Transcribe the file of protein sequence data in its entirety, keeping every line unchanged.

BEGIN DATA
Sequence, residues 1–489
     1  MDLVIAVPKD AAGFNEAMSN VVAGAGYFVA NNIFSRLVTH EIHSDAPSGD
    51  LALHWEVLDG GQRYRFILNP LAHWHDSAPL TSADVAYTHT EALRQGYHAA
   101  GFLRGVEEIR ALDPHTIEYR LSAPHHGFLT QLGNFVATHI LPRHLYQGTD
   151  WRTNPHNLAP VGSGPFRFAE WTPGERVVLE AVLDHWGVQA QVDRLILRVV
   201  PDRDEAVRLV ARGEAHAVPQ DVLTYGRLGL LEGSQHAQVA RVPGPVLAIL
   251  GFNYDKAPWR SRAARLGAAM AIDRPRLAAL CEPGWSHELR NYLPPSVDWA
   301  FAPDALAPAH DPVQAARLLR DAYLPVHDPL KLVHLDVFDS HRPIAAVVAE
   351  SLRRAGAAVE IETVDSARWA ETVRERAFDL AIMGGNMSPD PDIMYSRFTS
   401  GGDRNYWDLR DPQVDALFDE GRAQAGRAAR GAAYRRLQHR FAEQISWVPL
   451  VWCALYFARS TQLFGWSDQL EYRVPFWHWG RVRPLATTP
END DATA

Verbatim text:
Sequence, residues 1–489
     1  MDLVIAVPKD AAGFNEAMSN VVAGAGYFVA NNIFSRLVTH EIHSDAPSGD
    51  LALHWEVLDG GQRYRFILNP LAHWHDSAPL TSADVAYTHT EALRQGYHAA
   101  GFLRGVEEIR ALDPHTIEYR LSAPHHGFLT QLGNFVATHI LPRHLYQGTD
   151  WRTNPHNLAP VGSGPFRFAE WTPGERVVLE AVLDHWGVQA QVDRLILRVV
   201  PDRDEAVRLV ARGEAHAVPQ DVLTYGRLGL LEGSQHAQVA RVPGPVLAIL
   251  GFNYDKAPWR SRAARLGAAM AIDRPRLAAL CEPGWSHELR NYLPPSVDWA
   301  FAPDALAPAH DPVQAARLLR DAYLPVHDPL KLVHLDVFDS HRPIAAVVAE
   351  SLRRAGAAVE IETVDSARWA ETVRERAFDL AIMGGNMSPD PDIMYSRFTS
   401  GGDRNYWDLR DPQVDALFDE GRAQAGRAAR GAAYRRLQHR FAEQISWVPL
   451  VWCALYFARS TQLFGWSDQL EYRVPFWHWG RVRPLATTP